Rehabilitating Our Prisons


This is probably one of my more serious posts. I know that many people will not read until the end of this post, so before I truly begin I want to make it clear that I am not in favor of being easier on crime. Rather I believe that our current prison system is ineffective at actually rehabilitating prisoners. Secondly, I am not criticizing our judicial system. Though that is because to do so would be moot and it is much more effective to focus on areas which we can easily improve on.

Regardless of how we cut it, an astounding number of individuals go through our country’s prison system. Irrespective of how those individuals ended up in the prison system, we must recognize that a good number of them will be released at some point in time and they will return to society. Furthermore, many of these individuals will return to society not having been rehabilitated; they will be unprepared and incapable of living in regular society.

These are facts. You can go to whatever source you believe credible and these statements will be supported. Now for the bit where I interject my own humble opinion and attempt to connect the dots. Many of the former prisoners return to society incapable of providing for themselves, thus a fair number of the return to prison. In other words, we have  a high recidivism rate. While I cannot say with 100%certainty that the high recidivism rate is due to inadequate rehabilitation, it is certainly a major factor.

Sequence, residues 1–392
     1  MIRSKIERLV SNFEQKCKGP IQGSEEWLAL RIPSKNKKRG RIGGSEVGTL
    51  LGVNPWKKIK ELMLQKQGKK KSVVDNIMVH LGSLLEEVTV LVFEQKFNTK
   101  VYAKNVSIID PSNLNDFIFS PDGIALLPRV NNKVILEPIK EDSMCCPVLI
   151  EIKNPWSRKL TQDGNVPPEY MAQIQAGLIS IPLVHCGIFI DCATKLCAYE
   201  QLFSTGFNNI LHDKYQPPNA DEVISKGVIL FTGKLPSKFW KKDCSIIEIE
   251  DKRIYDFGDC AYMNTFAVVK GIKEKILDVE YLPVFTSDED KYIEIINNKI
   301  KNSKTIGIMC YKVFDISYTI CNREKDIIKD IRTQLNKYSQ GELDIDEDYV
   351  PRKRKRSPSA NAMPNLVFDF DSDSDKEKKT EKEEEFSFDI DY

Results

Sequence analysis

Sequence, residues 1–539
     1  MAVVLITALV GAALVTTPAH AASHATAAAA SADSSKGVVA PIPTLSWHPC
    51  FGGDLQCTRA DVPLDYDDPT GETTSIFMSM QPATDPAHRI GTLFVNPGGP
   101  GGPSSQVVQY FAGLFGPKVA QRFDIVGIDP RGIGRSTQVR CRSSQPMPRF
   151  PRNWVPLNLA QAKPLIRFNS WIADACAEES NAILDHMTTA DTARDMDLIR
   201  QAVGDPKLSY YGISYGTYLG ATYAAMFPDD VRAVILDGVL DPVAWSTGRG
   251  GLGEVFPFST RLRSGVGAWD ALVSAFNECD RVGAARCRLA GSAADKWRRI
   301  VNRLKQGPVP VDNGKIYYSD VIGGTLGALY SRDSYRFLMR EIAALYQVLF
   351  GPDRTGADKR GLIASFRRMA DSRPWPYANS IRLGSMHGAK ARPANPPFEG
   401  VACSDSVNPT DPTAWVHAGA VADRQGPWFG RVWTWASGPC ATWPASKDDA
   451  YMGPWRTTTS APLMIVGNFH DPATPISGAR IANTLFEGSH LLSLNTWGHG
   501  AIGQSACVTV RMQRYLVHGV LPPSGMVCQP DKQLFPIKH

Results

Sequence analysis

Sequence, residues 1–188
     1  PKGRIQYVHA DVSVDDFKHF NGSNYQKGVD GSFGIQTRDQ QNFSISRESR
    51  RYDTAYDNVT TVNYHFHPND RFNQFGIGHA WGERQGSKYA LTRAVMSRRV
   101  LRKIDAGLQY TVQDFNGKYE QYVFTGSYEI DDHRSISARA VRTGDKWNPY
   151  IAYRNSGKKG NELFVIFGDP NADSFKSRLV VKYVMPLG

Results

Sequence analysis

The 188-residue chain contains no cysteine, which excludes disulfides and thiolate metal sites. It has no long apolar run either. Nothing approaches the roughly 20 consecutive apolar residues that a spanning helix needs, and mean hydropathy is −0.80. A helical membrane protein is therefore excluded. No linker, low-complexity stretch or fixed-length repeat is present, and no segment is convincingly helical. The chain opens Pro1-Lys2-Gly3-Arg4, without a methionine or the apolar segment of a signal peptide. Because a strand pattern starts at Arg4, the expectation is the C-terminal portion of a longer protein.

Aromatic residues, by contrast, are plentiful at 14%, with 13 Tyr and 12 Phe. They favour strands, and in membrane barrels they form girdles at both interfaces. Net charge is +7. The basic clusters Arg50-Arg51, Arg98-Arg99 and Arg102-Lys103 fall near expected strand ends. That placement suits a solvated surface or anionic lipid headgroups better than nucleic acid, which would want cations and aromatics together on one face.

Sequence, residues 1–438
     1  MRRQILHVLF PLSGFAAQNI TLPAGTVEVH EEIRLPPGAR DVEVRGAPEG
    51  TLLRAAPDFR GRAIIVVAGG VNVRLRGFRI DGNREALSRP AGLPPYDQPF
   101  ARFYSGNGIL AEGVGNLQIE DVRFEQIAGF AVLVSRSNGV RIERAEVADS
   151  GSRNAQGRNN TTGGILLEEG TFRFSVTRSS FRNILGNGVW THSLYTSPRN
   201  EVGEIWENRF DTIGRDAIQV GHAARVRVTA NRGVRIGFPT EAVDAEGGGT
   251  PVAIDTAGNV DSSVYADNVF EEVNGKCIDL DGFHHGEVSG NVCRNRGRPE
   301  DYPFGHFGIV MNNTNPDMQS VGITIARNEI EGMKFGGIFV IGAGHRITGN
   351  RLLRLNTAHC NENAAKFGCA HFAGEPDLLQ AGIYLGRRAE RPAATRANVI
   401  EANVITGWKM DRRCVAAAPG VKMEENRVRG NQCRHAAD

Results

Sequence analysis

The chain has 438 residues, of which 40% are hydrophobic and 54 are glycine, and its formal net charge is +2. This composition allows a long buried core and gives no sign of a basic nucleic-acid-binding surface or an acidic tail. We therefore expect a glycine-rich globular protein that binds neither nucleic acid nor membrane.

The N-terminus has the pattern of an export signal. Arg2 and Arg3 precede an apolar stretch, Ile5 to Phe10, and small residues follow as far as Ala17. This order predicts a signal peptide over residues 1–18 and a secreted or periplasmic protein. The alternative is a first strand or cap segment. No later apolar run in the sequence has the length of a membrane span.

So, how do we solve this?

One solution is to change the judicial system so that it fairly and more effectively deals with criminals and offers a more expansive set of options. But of course that is quite unlikely. Our judicial system is an area of great stagnation, though considerably adaptive compared to our legislative system. Realistically the place to look for change is within the prison system itself.

Considering that prisons are often managed by private non-government organizations, we see a chance to reform how prisoners are treated within the prison system.

I make this call not as another social justice plea or idealist fantasy, but rather as a business proposition.

Let’s build private prisons that profit based off of their ability to rehabilitate the prisoners they manage. At the crux of it, why not align the incentives for prisons and their prisoners.

Part of the process would involved more expensive cognitive  therapy up-front. But once these individuals are past any physical or psychological issues they may have, they are now a blank slate with a great deal of potential. For the remainder of their sentence they are both an asset to the prison as well as an opportunity to gain skills that can be applied in the real world. Why not invest into treating their existing conditions and providing them with vocational training early in their prison career. Then having them gain experience and develop those skills while working for the prison. The profit earned during their work sentence is then dispersed in part upon their exit and then in part monthly as a basic welfare program. This would provide the prison management company a large source of capital which they could then manage and also profit off of.

Of course these are just ideas for a better prison system, one that fails to even address some of the fundamental problems inherent within our legal system. But keep in mind that any improvement, even a slight one would make a tremendous impact on the millions of individuals who are part of the prison industrial complex.

Let’s discuss, what are you’re thoughts? Comment below or shoot me an email! Either way I would love to hear what you think.